Advertisement

New Tancook ferry service postponed, again

A new Tancook Island ferry is still under construction at A.F. Theriault and Son shipyard in Meteghan, N.S. (Nova Scotia Government/EYE Marine - image credit)
A new Tancook Island ferry is still under construction at A.F. Theriault and Son shipyard in Meteghan, N.S. (Nova Scotia Government/EYE Marine - image credit)

The new and expanded ferry service that residents of the Tancook Islands were promised three years ago likely won't go into service for another nearly two years.

The latest delay is the decision by the Department of Public Works to reissue the tender to build two of the three ferry terminals needed for the larger vessel the province is having built to carry vehicles and passengers between the mainland and the two islands.

"There was this huge, huge tender which included the wharves, the road infrastructure and when we put it out [we had] one bidder and it came back pretty much double the amount our cost estimates would be," Public Works Minister Kim Masland told CBC News Thursday.

According to the department, Dexter Construction bid $92.2 million for the work.

The tender issued Wednesday includes the construction of the ferry terminals in Blandford and Big Tancook, along with the road work needed to accommodate the loading and unloading of the 18-vehicle vessel. The department is holding off on issuing a tender for the Little Tancook facility until after the bids come in for this job.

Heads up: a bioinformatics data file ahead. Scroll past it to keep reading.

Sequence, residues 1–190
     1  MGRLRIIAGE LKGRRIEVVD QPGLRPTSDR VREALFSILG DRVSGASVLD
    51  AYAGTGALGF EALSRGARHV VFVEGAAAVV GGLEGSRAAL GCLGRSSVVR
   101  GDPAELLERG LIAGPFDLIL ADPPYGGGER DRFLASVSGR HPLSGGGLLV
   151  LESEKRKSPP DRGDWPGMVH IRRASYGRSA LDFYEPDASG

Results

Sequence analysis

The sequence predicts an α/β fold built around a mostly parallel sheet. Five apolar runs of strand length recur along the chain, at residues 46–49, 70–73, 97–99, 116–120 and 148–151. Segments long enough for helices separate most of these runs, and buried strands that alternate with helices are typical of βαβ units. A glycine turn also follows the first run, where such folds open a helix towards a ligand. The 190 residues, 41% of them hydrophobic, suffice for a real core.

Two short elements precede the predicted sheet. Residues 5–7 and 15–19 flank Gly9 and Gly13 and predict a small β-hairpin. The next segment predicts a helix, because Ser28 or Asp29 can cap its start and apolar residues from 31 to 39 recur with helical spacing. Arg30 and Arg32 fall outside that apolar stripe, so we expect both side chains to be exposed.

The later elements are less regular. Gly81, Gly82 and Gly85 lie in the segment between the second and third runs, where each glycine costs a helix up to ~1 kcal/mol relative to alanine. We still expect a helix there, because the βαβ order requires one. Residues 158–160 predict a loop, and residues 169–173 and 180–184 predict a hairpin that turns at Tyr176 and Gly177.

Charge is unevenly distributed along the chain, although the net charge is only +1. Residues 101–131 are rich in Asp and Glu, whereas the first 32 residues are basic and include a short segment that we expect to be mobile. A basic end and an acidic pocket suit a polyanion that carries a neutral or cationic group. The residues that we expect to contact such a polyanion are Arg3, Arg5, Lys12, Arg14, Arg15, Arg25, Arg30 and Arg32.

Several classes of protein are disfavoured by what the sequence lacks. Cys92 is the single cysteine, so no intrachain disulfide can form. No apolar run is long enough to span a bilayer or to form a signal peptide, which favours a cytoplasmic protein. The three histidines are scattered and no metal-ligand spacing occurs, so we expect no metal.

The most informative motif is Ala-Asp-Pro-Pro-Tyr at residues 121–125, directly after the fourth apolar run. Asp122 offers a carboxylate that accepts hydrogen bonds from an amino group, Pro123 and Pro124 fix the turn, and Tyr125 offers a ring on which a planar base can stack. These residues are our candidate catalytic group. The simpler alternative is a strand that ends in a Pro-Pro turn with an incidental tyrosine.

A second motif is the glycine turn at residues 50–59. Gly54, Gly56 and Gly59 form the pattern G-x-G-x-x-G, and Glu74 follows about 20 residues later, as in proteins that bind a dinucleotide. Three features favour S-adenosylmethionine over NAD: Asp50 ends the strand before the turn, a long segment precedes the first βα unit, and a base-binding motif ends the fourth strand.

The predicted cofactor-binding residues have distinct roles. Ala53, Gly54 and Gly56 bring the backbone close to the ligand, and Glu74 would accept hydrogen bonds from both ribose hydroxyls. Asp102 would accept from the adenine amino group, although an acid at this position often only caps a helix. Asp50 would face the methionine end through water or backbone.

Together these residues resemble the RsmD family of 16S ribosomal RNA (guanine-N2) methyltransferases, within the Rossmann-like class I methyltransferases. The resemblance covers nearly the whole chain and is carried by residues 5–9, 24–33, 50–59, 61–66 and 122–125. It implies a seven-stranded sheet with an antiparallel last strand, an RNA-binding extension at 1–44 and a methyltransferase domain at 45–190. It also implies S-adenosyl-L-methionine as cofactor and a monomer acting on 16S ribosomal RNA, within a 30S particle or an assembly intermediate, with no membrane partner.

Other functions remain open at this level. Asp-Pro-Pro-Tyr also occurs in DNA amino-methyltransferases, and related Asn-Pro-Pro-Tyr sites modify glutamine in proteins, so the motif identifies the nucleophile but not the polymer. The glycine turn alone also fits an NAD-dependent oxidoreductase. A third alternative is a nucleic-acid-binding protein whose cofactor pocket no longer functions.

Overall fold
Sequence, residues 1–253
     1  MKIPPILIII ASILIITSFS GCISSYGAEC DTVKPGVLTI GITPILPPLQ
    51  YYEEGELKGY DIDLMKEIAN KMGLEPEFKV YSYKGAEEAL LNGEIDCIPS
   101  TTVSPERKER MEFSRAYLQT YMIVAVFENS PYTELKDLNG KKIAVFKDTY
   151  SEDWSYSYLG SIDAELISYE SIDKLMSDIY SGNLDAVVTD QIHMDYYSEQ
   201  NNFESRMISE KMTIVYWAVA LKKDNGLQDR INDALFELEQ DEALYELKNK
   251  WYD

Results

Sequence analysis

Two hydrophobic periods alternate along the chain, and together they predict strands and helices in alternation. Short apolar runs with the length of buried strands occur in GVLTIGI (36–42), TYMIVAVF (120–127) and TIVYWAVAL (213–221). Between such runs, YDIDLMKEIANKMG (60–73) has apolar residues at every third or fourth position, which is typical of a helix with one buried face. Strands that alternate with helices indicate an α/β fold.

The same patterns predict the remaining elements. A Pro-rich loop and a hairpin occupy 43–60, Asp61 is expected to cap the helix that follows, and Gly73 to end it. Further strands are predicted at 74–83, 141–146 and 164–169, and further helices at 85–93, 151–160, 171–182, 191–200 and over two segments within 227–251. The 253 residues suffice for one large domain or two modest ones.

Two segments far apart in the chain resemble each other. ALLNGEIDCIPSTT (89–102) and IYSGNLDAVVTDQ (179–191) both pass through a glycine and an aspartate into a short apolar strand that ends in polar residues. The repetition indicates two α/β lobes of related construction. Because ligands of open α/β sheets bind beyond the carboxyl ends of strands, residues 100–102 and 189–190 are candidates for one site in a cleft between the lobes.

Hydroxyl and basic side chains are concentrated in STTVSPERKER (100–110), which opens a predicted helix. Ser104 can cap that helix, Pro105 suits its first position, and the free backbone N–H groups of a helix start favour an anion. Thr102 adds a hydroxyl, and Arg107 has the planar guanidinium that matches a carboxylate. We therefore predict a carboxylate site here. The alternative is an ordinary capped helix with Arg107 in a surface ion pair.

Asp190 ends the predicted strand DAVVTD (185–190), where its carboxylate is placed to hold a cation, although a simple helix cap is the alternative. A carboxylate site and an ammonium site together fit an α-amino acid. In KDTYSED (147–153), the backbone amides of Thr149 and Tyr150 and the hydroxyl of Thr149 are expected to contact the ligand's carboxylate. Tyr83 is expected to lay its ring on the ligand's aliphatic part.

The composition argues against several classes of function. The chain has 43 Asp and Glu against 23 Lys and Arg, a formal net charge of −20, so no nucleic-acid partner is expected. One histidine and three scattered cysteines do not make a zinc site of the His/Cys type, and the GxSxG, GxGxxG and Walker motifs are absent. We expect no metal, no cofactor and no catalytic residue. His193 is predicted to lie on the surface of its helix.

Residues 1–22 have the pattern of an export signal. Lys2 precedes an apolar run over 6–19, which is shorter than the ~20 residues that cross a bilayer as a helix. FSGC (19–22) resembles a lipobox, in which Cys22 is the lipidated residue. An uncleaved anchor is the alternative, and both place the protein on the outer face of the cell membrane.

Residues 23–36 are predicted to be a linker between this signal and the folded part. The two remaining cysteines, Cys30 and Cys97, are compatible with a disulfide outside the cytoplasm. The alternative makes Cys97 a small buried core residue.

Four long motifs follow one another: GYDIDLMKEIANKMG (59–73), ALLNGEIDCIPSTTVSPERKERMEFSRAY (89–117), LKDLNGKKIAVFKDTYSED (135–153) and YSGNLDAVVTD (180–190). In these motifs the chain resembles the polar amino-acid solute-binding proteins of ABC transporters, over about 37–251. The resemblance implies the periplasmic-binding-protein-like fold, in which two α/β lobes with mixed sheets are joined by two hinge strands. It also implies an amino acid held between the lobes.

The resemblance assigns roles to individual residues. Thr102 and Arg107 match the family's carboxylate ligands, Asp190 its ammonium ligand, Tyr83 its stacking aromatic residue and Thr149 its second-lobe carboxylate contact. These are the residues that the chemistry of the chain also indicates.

A map shows the plans for the new Tancook ferry.
A map shows the plans for the new Tancook ferry.

Map of the proposed new Tancook ferry terminal in Blandford, N.S., on the Aspotogan Peninsula. (Submitted)

"That will inform how we proceed from there," said Masland, who noted work on the ferry itself was progressing as planned. "The boat is on schedule, on time, on budget."

The new ferry, currently under construction at the A.F. Theriault and Son shipyard in Meteghan River, is expected to be ready this summer, well before its needed.

"We're probably going to have to store the boat, obviously, until we get the rest of the infrastructure completed." said Masland.

Announced by a previous Liberal government in November 2020, the project has been delayed by environmental concerns and the search for a suitable new terminal site on the Aspotogan Peninsula. The decision to shift the mainland terminal from Chester to Blandford drew some criticism but the new route is expected to shave 20 minutes off the crossing time.

The new, larger vessel can accommodate trucks which will be able to deliver bulky goods to homes on the island. It will replace a passenger ferry now serving the islands which have a population of about 200.

MORE TOP STORIES